DURRËS IN ONE DAY: WHAT TO SEE
We have to say that they were right: Durrës isn’t a beautiful city. It’s overbuilt, it’s under construction almost everywhere and often kitsch. But we found out actually that it’s a very interesting city. Explain interesting: among massive and horrible communist style buildings, there are Roman ruin, the ancient city walls, Archaeology sites, a Venetian tower, the summer residence of the Albanian royal family, some lovely modern sculptures along the pedestrian, and some other unusual glimpse all around the city. All this make Durrës a bit odd and schizophrenic, but for sure it’s not going to make you bored!
THE OLD DURRËS
All around the city centre may happen to bump into the Byzantine Forum, a complex of columns where it used to be the old market or the Roman amphitheatre, both surrounded by modern buildings. It seems that the municipality neglects them entirely or almost. Actually, these attractions tell us much more about the city, the history (that grounds its roots in the Illyrian time) and the relations among other great population of ancient times.
Coming from the harbour, the first interesting thing that you will encounter is the Venetian Tower, part of the city walls. Built in the XV century, when the city was under the Venetian domain, it’s a stocky and large tower, hosting today a cafe with the view of the sea and the pedestrian. All around the tower, grounded below the asphalt, is probably the whole ancient city of Durrës, unfortunately, covered. When we went there, they found new ruins while working in new projects for the city. The terrible news is that they’re going to be (probably) covered again.
On the left side of the tower, the walls climb up the road side by side with a small park. All along the wall, there is an entrance to the old city. At the end of it, a tiny cobblestones road brings you to the Roman Amphitheatre. The entrance is with a payment of 400 Lek (around 3€), and it also includes the Archaeological Museum. A girl at the entrance offered us to be our guide and to tell us the main history of the place. Built during the reign of Emperor Trajano in the 2nd century AD, the amphitheatre is the biggest in the Balkan peninsula, having the capacity of 20.000 people. It was active for gladiator games until the 4th century when an earthquake damaged it. A Christian chapel was built over it and decorated with frescos and mosaics. Nowadays, mosaics are still visible. After, the whole structure was grounded and discover again and excavated just during the 1960s. Still today part of the amphitheatre hasn’t been dug, but the view is amazing, and you can walk inside some of its galleries.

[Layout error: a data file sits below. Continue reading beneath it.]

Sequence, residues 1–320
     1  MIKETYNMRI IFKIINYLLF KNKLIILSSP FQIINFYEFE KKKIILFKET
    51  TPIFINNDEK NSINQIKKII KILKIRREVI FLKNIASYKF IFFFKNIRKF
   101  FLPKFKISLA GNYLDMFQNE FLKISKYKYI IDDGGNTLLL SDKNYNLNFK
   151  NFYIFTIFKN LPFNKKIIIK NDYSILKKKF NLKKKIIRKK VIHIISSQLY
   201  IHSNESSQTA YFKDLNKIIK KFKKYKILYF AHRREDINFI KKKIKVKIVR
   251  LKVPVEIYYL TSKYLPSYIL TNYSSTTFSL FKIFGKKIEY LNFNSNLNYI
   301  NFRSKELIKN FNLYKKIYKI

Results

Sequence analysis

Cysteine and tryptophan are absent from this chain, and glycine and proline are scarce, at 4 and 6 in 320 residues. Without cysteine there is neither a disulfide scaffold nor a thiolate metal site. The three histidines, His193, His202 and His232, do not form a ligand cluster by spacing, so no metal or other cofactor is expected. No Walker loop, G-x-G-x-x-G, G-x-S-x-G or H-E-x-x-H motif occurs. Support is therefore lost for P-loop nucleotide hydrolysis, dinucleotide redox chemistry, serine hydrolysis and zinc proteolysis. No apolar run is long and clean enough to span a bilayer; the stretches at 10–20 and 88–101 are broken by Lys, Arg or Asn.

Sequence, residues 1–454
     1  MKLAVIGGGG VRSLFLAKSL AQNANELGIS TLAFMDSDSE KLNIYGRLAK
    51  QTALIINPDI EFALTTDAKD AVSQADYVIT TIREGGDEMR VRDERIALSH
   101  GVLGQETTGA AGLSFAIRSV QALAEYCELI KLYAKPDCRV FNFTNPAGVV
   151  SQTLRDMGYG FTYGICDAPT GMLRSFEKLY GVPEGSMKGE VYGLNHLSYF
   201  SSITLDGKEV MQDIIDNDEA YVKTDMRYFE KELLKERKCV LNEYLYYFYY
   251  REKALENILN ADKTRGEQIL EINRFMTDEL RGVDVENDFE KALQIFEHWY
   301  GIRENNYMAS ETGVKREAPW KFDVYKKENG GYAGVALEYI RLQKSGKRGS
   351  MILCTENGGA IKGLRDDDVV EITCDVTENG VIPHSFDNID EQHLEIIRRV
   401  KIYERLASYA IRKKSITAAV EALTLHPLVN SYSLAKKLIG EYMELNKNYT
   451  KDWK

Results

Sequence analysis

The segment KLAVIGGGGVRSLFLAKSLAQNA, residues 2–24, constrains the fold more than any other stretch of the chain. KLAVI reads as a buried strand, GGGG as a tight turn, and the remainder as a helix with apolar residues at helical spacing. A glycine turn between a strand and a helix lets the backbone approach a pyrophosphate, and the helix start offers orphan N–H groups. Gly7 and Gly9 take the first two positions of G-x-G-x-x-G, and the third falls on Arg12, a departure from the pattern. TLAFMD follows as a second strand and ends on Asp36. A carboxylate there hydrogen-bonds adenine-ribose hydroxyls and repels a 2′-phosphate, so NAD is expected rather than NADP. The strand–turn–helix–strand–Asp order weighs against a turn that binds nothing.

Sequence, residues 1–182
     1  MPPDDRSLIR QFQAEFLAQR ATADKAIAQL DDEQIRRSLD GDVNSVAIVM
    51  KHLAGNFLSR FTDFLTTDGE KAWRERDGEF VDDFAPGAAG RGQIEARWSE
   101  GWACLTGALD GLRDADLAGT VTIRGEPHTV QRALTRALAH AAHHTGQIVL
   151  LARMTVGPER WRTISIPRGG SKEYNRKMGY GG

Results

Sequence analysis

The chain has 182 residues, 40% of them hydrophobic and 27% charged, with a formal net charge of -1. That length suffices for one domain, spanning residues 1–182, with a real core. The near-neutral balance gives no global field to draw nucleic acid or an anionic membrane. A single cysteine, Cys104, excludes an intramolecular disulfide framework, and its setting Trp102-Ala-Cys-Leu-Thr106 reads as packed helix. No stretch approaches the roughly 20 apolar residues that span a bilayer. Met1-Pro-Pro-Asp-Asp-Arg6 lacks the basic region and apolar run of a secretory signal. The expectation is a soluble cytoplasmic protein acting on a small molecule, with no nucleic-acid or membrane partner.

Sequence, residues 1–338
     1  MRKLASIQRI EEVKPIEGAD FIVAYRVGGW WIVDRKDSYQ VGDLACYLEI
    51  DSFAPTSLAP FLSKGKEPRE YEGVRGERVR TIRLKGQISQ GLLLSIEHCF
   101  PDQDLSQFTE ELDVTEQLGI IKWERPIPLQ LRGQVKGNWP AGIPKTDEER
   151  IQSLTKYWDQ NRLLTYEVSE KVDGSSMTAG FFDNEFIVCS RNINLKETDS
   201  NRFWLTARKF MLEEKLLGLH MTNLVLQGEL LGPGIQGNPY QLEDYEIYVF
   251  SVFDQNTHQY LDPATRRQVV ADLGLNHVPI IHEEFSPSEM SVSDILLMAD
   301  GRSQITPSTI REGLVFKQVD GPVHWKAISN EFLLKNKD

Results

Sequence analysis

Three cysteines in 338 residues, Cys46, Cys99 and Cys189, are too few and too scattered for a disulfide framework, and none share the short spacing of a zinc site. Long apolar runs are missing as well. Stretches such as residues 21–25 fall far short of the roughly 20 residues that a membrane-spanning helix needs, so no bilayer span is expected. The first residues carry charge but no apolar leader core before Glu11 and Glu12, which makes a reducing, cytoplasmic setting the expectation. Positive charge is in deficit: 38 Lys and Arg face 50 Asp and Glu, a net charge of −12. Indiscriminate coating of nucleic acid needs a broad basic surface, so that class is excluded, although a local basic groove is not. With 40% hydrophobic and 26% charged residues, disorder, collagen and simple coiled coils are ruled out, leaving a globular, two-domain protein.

Just 5 minutes walking far from the amphitheatre is the archaeological museum. There are preserved parts of the ancient walls of Durrës, sarcophagus, artefacts from Greek and Roman periods.
Strolling up to the Royal Residence
Almost from everywhere in the city, you can see the summer residence of the Albanian royal family that dominates the city from above. A short walk will bring you there, keeping walking along the city walls. The way is not long, but it’s a bit uphill. You have to know, that no signs of touristic attractions are distributed in the city, and you have to find the way yourself, but actually it isn’t so hard because mainly everything is in the same small area of the city centre. Unfortunately, the Villa is closed to the public, but I recommend going there, up through a tree-lined road, where you can see a lot of bunkers! (I am a bunker fan!). In particular, it was bunkers with cows all around! Another thing you need to know is that is common to see all around Albania both of them: bunkers and cows. Personally, it was the first time that I saw them together!! 😛
Besides these considerations on bunkers and cows, on the way down from the Villa, you can stop on a terrace on the ancient walls. It’s a bit hard to find, but it is worth to visit. When you are walking down, just go straight instead of turning when is a big bend of the road all around a park. From this panoramic viewpoint, you can overlook the whole city, the sea, the harbour, and the gulf of the southern coast. And have a rest from the walk.
THE LIVELY DURRËS: seaside and shopping malls
From the Venetian tower starts the pedestrian along the seaside. The first part is a full volume Lunapark full of strolling families, bars and restaurants. A pier connects a floating restaurant to the pedestrian, from where you can enjoy a great view of the sea and the city. Keeping walking, you will find some interesting installations and constructions that I liked. One of them I enjoyed the most is the staircase on the sea, a perfect location where to enjoy the sea and the sunset with a couple of beers! And of course to take great shots 😉
At the end of our day, we had a walk in the municipality square (taking the road on the right side of the Venetian Tower). The new mosque overlooks the square, and a wide terrace offers the view on it. Just over the theatre building, there is the city shopping street full of shops, trade centres, small and lovely bars and cafes. With a slight deviation on the right, you’ll find the Byzantine Forum, the ancient market square, made of a small circle of columns.
It took to us just one day to see all this, then we just dedicated to the seaside, even though it wasn’t sunny we had some long walks in the southern part of the city, just over the harbour, where is the beach for kilometres, with resorts, hotels and restaurants. Luckily, the season wasn’t started yet.